5. Keep a Journal.  This is a powerful way of not internalising your anger. Your journal can be used as and when you need to. Record how you feel about what happened, and your views on a problem. By using your journal it will bring clarity to the situation.

6. Don't take anything personally. Nothing others do or say is because of you. What others do and say is a projection of their own reality onto yourself. When you are immune to the opinions, projections, behaviours, and actions of others, you will not be a victim of needless suffering any longer!


• Breathe deeply, count to 7 on the in breath and 11 on the out breath.
• Remind yourself to "KEEP YOUR COOL".
• Remove yourself from the situation physically and emotionally if possible.
• Count backward from 20 to 1.
• Go for a walk, ideally in a park or open space.
• Visualise a calm tranquil place, e.g. sea or mountains, for about 2 minutes.
• Let go of any expectations you might have.
• Remember life is unfair!
• Yoga, meditation, swimming, and relaxation, good for de-stressing.
• Take up a relaxing hobby, e.g. gardening.
• Relax in a bath whilst listening to chilled music.
• Listen or dance to music.
• Inhale relaxing aromatherapy oils, e.g. lavender.

Clearing Process  Every time you feel angry with another person, you can either express your feelings, which triggers a reaction in the other person, or not express your anger, which will then build up inside you until eventually, you explode. You are in conflict with that person (holding onto grudges) and will remain so until you can resolve matters with them.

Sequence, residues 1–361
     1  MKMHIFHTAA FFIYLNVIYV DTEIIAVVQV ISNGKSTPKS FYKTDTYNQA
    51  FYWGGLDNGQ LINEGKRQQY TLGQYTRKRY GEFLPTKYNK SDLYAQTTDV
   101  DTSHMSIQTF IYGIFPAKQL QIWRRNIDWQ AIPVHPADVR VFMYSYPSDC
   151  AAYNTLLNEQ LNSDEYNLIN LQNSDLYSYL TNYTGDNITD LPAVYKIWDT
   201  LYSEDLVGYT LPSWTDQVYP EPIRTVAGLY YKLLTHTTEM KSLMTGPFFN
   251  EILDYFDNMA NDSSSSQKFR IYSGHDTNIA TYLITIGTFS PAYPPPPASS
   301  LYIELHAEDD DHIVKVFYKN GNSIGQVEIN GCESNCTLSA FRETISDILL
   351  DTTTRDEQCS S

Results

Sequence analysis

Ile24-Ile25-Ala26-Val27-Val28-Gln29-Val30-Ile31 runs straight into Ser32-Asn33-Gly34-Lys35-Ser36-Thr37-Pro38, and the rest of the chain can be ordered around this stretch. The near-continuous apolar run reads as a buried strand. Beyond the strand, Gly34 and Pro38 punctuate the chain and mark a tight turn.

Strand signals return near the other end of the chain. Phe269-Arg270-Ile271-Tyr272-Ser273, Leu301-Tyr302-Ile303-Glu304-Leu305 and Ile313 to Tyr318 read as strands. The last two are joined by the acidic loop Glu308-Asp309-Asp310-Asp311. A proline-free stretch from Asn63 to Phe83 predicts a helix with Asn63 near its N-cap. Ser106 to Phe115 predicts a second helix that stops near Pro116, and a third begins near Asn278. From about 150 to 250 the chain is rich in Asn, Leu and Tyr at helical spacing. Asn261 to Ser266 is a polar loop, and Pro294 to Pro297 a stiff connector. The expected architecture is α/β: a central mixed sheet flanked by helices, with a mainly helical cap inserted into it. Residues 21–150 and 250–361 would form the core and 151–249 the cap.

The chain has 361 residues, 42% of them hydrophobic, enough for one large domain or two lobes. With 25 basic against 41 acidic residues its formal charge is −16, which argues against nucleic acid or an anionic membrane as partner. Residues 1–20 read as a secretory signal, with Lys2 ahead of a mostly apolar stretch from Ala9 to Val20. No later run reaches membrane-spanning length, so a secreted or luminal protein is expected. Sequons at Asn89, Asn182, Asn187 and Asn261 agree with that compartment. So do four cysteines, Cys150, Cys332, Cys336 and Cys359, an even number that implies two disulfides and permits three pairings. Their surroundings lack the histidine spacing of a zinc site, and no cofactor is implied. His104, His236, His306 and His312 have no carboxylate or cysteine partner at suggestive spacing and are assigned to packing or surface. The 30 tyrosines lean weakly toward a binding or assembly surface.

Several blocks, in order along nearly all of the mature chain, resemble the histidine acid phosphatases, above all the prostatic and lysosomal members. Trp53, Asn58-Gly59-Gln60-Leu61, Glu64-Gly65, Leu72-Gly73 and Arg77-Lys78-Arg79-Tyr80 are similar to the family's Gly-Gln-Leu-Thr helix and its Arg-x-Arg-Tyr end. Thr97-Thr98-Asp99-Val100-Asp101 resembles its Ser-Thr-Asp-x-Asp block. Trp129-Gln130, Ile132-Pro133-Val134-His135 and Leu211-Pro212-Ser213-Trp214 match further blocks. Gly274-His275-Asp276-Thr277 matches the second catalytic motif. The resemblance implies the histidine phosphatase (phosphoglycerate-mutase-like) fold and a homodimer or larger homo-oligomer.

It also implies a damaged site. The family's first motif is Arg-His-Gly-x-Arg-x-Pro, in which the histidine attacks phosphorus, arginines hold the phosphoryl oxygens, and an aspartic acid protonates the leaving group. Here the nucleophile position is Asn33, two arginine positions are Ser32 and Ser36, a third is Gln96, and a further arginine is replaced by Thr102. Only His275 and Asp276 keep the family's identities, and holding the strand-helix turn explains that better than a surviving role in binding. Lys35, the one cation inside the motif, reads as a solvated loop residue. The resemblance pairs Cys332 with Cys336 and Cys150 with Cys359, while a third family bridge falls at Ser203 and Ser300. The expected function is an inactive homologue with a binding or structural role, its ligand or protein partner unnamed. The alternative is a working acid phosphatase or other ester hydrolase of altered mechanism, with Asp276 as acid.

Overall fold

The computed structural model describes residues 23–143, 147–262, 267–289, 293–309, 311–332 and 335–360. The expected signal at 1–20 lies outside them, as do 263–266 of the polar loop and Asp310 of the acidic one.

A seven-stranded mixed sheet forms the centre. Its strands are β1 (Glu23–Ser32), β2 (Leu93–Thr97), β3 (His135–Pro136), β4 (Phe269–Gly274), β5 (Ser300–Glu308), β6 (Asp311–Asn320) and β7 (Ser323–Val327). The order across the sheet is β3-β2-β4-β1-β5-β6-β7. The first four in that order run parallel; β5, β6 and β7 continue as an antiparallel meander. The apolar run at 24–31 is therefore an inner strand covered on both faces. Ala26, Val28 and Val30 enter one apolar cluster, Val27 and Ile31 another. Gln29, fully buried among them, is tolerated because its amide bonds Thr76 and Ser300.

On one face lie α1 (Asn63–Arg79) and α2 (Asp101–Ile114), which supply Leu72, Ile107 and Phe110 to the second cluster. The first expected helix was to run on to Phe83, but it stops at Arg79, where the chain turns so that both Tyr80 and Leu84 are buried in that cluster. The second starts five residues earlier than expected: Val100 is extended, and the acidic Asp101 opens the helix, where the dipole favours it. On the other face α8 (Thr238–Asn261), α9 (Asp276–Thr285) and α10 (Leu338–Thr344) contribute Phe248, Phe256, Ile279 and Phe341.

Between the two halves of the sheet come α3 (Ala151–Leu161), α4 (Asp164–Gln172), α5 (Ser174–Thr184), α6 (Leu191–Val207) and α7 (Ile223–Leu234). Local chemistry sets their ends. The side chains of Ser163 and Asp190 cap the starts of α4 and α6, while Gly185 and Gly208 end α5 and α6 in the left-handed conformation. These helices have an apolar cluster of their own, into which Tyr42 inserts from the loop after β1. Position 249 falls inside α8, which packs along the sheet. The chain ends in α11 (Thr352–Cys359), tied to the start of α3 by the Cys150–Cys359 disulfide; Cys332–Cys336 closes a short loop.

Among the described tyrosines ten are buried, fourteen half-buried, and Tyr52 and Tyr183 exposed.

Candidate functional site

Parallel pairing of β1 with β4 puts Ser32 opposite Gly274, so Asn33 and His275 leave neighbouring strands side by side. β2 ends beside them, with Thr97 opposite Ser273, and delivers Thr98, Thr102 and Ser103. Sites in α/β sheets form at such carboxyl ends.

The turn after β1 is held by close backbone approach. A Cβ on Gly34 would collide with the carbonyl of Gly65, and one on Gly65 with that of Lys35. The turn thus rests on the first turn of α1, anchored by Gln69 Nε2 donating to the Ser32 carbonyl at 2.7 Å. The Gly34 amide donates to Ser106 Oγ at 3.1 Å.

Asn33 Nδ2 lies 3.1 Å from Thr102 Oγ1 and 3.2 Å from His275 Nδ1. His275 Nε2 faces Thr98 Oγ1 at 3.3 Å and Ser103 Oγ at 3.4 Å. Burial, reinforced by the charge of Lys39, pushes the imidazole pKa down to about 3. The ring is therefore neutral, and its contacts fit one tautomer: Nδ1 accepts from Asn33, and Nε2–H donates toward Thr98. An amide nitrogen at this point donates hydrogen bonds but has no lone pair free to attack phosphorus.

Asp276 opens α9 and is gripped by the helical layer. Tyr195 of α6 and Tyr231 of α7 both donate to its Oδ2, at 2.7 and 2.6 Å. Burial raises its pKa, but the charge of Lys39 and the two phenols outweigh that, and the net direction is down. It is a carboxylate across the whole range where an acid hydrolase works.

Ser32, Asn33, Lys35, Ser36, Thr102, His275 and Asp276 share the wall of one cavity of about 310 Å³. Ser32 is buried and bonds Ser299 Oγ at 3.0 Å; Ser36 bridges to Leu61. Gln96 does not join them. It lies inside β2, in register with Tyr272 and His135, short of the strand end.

If this is not done (i.e. resolution is not reached) it is likely that you will remain resentful or hostile towards them. This serves no-one and only keeps your anger alive. Often when it comes to expressing our anger to others, there is fear about how to express it in such a way that it is clean, healing and empowering for both ourselves and others.

Using a basic clearing process, you will find that even in the most difficult and challenging situations you can confront someone, without it developing into a serious drama. This approach is simple and powerful. Use it in an angry situation but remember: Practice makes perfect. You will become more comfortable with this approach the more you use it.

Before starting the clearing process with someone please make sure that you consider the following:

1. Be certain about the facts relating to the conflict. (NOT your opinions!)
2. Practice the clearing process with a good friend (your support person) first. This allows time to explore your own projections before doing a clearing with the other person.
3. Be aware that this clearing is more about you than about them. (It gives you the opportunity to open your heart to the other person.)
4. IMPORTANT - The other person does not need to justify their behaviour to you.
5. Tell the person that all you want them to do is just listen to you.
6. Offer them the opportunity to give you feedback at the end of the clearing process.
7. IMPORTANT - Give yourself enough time to do the clearing and ask the person how much time they have available to do this process.
8. Do not be attached to an outcome, sometimes the process will not go the way you want it to.

Always start your sentence by saying: "I feel angry with you..."
Then: ... because I have asked you 10 times to take out the garbage".
"What I want is when I ask you once to do something and you say yes, please do it".
"What I am willing to own about my behaviour is often I do not follow through on commitments that I make".

Listen to this weeks radio report

All material on this website is provided for your information only and may not be construed as medical advice or instruction. No action or inaction should be taken based solely on the contents of this information; instead, readers should consult appropriate health professionals on any matter relating to their health and well-being.